Straying close to home: The North Forty Series
It isn't entirely clear how long I'm going to be lingering in Fort Collins, and as we try to save some cash so we can eventually uproot, my straying hither and thither to photograph places somewhere out yonder are going to be cut back a bit. So, my next photography project will occur close to home. I've always found it difficult to be inspired by cities in which I live; my inspiration often comes from the landscape around those cities and towns. That's why my photo archives of 15,000-plus images contain almost no shots of Charleston, Mt. Pleasant, Socorro, Taos, Albuquerque, Glenwood Springs, Rifle, Grand Junction, Denver and Fort Collins — all places I've lived in the last 34 (!) years. (Today, incidentally, begins the final year that I shall fall into that coveted 18-34 demographic. I'll try not to think about it too deeply.)
Larimer County deserves plenty of photographic love, so that's what I'll give it with the North Forty Series, which will be fully posted on my website, www.restlesswest.com, when it's complete.
The definition of the North Forty is somewhat murky, depending on who you talk to. Feel free to correct me in the comments, but the North Forty sometimes refers to the stretch of Interstate 25 between north Longmont and Wellington, the insanely congested stretch of the highway that is crammed into four very substandard lanes of traffic. That stretch is included in CDOT's long range plans for possible freeway widening and expansion.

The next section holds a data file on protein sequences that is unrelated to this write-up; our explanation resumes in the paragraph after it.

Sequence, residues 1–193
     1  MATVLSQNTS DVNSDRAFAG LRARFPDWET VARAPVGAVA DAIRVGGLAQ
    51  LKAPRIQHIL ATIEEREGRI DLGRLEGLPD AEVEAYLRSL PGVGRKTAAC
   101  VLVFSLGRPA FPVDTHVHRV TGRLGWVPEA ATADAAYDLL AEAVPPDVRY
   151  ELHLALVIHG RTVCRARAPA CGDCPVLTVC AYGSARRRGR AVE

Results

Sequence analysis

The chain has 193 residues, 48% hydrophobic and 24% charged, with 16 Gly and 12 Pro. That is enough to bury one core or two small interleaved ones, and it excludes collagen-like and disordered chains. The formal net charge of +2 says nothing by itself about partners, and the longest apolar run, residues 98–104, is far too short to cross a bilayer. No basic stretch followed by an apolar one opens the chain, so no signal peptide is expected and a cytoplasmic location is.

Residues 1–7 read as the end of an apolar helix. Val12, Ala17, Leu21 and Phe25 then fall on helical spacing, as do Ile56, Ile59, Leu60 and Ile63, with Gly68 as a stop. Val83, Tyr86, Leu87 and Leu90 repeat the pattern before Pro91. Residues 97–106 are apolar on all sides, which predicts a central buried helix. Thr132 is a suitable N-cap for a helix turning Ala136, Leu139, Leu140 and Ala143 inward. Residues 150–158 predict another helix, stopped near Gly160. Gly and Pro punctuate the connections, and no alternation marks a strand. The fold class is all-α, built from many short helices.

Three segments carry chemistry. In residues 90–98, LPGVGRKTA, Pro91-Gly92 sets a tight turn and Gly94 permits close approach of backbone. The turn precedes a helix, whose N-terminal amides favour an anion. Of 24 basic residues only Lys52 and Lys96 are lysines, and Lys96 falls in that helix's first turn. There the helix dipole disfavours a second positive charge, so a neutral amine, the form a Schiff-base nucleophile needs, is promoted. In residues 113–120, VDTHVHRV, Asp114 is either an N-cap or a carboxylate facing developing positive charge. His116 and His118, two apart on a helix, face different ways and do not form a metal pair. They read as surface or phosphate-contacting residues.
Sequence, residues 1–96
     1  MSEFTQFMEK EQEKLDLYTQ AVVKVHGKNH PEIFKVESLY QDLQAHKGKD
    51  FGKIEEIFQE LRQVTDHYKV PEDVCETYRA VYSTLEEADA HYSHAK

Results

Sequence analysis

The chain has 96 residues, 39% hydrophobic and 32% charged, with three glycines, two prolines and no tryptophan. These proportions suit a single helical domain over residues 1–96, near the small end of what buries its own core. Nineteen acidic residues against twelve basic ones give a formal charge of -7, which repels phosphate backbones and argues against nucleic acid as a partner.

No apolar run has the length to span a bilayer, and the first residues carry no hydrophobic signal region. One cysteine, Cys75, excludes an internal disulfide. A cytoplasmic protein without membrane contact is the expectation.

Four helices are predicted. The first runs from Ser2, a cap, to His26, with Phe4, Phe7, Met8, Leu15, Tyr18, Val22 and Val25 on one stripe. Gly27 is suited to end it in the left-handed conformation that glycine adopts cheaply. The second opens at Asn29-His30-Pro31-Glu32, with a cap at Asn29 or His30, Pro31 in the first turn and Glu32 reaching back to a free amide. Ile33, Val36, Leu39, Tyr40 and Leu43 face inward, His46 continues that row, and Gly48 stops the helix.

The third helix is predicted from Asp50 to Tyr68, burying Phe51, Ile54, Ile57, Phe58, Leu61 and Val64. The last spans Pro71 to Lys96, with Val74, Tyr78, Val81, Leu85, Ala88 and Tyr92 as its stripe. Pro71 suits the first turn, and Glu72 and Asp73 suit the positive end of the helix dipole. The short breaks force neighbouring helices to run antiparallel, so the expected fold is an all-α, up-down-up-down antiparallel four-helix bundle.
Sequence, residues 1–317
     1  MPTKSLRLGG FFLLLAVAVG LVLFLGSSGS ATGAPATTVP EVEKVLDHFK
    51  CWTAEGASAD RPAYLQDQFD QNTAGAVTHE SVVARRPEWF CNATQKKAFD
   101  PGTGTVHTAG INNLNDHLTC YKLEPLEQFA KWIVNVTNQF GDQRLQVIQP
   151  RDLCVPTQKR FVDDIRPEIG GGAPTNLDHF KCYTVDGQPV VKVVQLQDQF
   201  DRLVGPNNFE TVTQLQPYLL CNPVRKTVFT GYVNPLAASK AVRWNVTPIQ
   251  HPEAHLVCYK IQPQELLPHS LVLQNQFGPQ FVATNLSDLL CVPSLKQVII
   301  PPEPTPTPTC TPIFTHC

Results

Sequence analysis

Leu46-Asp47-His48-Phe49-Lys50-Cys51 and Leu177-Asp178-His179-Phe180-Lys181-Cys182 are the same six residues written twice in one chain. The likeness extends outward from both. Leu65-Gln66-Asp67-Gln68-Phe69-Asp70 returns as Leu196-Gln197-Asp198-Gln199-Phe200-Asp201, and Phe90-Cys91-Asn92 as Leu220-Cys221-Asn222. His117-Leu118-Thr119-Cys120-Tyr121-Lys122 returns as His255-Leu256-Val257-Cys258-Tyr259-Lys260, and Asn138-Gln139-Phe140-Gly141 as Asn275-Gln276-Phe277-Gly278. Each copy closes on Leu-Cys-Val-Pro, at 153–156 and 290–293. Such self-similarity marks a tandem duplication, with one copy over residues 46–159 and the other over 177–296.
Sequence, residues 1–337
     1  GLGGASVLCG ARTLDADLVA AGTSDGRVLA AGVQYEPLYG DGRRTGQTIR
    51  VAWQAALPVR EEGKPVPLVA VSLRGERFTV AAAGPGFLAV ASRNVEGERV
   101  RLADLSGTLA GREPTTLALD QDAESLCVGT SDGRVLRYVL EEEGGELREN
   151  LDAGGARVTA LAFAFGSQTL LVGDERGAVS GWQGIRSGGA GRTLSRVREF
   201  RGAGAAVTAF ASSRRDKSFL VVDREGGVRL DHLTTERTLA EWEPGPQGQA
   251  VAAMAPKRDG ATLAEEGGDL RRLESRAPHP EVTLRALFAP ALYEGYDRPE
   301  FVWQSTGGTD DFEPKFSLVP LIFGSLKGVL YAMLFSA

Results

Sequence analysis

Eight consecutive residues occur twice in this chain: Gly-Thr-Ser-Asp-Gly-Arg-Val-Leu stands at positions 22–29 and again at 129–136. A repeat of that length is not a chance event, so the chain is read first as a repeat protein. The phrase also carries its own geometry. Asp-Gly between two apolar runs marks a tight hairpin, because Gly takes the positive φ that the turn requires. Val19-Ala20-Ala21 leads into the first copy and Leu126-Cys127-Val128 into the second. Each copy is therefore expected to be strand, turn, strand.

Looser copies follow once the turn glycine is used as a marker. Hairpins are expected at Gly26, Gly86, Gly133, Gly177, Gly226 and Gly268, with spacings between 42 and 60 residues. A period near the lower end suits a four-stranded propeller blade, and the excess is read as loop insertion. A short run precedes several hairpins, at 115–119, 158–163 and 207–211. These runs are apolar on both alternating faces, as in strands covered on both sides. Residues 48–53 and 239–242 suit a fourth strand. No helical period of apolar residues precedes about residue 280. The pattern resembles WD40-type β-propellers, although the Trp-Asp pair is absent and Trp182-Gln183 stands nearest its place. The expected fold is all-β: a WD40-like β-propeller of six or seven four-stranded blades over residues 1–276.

But the North Forty most often refers to all of I-25 in Larimer County, roughly from Berthoud to the Wyoming line near Cheyenne. In other words, it's the northernmost 40 miles of the Front Range urban corridor in Colorado. (The Front Range urban corridor extends farther north into Wyoming, however, including all of Cheyenne and Laramie County.)
For my purposes, the North Forty shall include all of Larimer County, certainly one of Colorado's most geographically diverse counties, where the 13,000 foot peaks of the Mummy Range in Rocky Mountain National Park melt into the Fort Collins and Loveland metropolitan area and the Great Plains farther east. Then there's Soapstone Prairie, Poudre Canyon, the red rock badlands along U.S. 287 north of Fort Collins, the shapely Medicine Bow Mountains, the commercial wasteland of the Promenade Shops at Centerra, the rugged rocky canyons and pinnacles of the Red Feather Lakes area and the gaudy resortified tackiness of Estes Park. Few other Colorado counties can boast such a diversity of landscapes.
So, here are the first several images in the North Forty Series, which will also include some previously published images from around Larimer County. Check back weekly for new postings.